One of our members recently asked us if her doctor should check her intraocular eye pressure (IOL) after every injection of Lucentis for wet AMD. Here is a response from one of our professional advisors, K. Bailey Freund, M.D.:
In most cases we no longer perform routine IOP checks after Lucentis or Avastin. The volume of these injections is 0.05ml, which is less than the 0.09ml (Macugen) & 0.10ml (Kenalog) injection volumes. The lower volume does not cause as much of an IOP spike. We have performed thousands of injections without IOP issues. In fact, some of the current study protocols do not require post-injection IOP checks. If a patient has an elevated IOP prior to the injection or the patient has advanced glaucoma, we may check IOP after the injection in these cases.”
From Dr. Freund’s reply, it appears that pressure checks are not considered as important now that the physicians have gained more clinical experience. Genentech, Inc., maker of Lucentis, continues to recommend the procedure in their published protocol, but it is evidently not as commonly done in practice as in the past. This is good for us to know as we continue to educate ourselves about our treatment and care.
Statins and AMD
What effect do cholesterol-lowering drugs have on the retina? A pilot study in 2006 found “that treatment with simvastatin increased blood-flow velocity in the retinal arteries and veins and decreased intraocular pressure. (Nagaoka T et al. Arch Ophthalmol 2006; 124:665-670.)
This study supports the thinking that increased blood flow is generally beneficial to the retina. Recent research, however, has shown that taking statins to lower cholesterol levels might hasten the onset of wet AMD in people who are already affected by the dry form. The abstract for this study may be read on the Web at www.tinyurl.com/5ksj6a.
Considering the proven beneficial effects of drugs like simvastatin for people with circulatory problems and high cholesterol, it would be wise to keep this information in mind, but it would not be wise to stop taking them altogether without professional consultation. Until researchers have sorted out the facts, a patient’s decision should be based upon individual circumstances and discussed with professional care providers.
More details about cholesterol research as related to AMD may be found in the MD Support Library at www.mdsupport.org/ library/cholesterol.html.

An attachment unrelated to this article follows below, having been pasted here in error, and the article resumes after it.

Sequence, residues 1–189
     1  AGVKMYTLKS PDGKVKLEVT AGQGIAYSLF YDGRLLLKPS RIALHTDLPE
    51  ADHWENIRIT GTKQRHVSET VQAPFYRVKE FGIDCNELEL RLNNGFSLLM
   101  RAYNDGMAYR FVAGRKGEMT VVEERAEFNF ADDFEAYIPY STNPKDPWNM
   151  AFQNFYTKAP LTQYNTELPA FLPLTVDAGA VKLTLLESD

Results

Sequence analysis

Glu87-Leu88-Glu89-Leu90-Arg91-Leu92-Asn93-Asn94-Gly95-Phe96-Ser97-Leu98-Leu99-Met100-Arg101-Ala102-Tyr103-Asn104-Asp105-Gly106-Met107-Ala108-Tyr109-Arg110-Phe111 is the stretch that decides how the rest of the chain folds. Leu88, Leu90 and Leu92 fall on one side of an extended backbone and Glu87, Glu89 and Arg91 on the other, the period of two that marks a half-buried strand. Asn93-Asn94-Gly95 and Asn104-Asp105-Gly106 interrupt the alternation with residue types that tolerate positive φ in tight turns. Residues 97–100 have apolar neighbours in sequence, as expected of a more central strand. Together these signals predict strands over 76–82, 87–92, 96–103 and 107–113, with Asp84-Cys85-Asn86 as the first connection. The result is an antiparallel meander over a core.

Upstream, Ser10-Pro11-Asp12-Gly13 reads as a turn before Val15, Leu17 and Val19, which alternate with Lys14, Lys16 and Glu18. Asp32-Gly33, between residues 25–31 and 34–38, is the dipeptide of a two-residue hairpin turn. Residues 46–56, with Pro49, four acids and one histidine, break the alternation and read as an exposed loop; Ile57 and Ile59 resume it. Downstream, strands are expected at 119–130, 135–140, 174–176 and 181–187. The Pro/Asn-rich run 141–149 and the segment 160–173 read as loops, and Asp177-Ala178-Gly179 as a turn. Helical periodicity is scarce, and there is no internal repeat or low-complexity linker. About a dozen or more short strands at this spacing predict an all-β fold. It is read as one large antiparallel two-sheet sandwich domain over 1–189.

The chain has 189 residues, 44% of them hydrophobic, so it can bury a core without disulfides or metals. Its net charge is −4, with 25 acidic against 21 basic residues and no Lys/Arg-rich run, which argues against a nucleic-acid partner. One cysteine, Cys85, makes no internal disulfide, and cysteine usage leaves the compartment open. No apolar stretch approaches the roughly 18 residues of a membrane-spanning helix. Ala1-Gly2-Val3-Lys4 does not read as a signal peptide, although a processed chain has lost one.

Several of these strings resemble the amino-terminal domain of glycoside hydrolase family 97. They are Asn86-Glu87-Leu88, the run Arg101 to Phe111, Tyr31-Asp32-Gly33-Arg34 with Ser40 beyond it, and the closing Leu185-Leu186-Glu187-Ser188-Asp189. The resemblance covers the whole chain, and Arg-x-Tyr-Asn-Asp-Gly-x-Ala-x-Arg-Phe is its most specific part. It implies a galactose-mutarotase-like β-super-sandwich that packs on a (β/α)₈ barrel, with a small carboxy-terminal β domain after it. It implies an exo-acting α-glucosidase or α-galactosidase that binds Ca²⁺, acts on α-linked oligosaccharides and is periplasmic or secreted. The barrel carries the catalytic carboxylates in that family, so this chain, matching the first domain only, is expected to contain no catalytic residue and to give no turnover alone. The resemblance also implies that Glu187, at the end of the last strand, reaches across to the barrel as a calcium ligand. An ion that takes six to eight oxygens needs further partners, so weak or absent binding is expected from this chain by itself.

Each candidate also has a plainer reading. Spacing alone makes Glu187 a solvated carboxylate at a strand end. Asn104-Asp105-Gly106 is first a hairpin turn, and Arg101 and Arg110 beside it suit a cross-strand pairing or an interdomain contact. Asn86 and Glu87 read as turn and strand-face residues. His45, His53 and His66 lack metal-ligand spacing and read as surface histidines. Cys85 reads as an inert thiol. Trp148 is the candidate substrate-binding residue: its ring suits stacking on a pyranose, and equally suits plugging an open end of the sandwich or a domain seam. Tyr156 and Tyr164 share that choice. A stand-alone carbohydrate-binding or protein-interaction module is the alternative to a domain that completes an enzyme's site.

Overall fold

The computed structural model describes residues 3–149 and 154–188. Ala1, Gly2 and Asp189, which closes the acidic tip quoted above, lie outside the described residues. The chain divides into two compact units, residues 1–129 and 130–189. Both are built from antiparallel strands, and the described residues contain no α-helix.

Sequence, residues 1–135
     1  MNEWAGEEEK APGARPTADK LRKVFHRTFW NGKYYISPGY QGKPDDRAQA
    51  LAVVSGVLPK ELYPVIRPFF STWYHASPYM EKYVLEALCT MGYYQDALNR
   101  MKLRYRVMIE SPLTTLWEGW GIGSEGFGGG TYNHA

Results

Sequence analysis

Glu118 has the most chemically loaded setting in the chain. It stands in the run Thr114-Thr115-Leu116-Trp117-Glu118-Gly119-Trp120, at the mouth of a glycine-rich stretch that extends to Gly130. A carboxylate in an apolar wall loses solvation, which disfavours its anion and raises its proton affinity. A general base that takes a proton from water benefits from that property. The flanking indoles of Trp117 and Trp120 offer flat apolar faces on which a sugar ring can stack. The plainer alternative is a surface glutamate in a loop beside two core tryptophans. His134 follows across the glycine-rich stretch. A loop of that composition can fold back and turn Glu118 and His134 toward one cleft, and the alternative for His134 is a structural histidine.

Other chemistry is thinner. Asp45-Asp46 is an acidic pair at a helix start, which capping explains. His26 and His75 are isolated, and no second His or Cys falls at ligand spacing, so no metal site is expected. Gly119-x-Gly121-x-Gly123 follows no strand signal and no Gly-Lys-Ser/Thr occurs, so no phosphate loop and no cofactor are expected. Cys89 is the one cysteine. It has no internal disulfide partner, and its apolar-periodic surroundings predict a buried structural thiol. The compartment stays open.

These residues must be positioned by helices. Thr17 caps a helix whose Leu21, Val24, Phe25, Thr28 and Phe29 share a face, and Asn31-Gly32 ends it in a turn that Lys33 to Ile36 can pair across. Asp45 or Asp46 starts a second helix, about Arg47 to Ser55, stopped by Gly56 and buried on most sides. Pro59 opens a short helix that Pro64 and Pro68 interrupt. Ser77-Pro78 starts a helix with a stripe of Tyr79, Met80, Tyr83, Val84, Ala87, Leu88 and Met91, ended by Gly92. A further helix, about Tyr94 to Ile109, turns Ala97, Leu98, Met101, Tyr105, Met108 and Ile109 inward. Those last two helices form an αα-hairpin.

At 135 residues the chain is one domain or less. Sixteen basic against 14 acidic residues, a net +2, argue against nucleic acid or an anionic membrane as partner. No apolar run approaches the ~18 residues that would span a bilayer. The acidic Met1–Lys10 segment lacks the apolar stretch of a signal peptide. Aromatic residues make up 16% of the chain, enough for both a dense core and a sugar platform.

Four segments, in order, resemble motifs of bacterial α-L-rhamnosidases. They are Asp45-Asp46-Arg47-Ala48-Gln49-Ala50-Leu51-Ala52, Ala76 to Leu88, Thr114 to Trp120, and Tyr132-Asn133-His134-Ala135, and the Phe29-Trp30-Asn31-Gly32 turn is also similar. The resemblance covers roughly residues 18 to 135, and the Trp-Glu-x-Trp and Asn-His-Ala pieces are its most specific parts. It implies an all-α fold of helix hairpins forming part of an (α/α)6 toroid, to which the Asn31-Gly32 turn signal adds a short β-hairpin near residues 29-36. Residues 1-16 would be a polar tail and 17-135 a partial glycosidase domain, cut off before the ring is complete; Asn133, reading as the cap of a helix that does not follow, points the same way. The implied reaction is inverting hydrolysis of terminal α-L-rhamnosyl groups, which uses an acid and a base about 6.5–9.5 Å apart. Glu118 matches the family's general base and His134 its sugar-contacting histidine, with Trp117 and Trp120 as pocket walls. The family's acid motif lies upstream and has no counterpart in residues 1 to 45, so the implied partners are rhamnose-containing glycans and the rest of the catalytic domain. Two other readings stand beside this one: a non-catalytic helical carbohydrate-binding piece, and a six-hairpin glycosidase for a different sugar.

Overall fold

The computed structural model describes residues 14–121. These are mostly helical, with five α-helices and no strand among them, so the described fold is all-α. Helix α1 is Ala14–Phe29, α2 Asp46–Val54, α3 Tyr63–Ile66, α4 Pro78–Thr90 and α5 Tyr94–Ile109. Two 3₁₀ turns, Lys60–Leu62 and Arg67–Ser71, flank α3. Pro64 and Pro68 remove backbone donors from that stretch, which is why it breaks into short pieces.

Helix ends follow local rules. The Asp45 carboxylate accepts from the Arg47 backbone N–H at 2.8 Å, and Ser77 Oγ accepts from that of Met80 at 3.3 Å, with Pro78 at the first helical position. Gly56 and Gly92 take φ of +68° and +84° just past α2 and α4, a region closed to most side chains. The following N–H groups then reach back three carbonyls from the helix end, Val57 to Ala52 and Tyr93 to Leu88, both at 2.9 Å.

U.S. Currency Design Violates the Law
On May 20, 2008, the U.S. Court of Appeals for the District of Columbia Circuit upheld a 2006 district court ruling that could force the United States to redesign its money so visually impaired people can distinguish between values.
Judge Judith Rogers wrote that Treasury Department’s current designs violate the Rehabilitation Act’s guarantee of “meaningful access.”
The Treasury Department has been working to improve the nation’s paper currency, and is currently looking at different methods to help the blind and visually impaired.
The suit was originally filed in 2002 by the American Council of the Blind and two individuals with visual impairments, Patrick Sheehan and Otis Stephens.
Laser Rejuvenates the Retina
According to a study announced at the Euretina Congress in May 2008, a laser treatment that “cleans up” Bruch’s membrane may slow down the progression to AMD.
Bruch’s membrane is the tissue that separates the photoreceptor cells (our sight cells) from the nourishing blood vessel layer of the retina. It is through Bruch’s membrane that the nourishment passes. As we age, however, the membrane can become clogged with debris, inhibiting the process and leading to cell malnutrition.
Research at St. Thomas’s Hospital in London has resulted in development of a therapeutic approach to the problem. The Retinal Rejuvenation Therapy (2RT, Ellex) uses a special green nanosecond pulse laser for “reconditioning” Bruch’s membrane and photo-regeneration. Improvement in visual function has been noted in humans during preliminary studies. Now, under the guidance of John Marshall, Ph.D., researchers are setting up a trial to treat the yet-unaffected second eyes of patients who have already lost vision in one eye due to neovascular problems.
The ultimate goal, said Dr. Marshall, is to treat patients in their 40s to keep their eyes young and prevent age-related degenerations of the retina. The treatment is noninvasive and seems to have no adverse effects on the photoreceptors or other parts of the eye.
Compiled and edited by Dan Roberts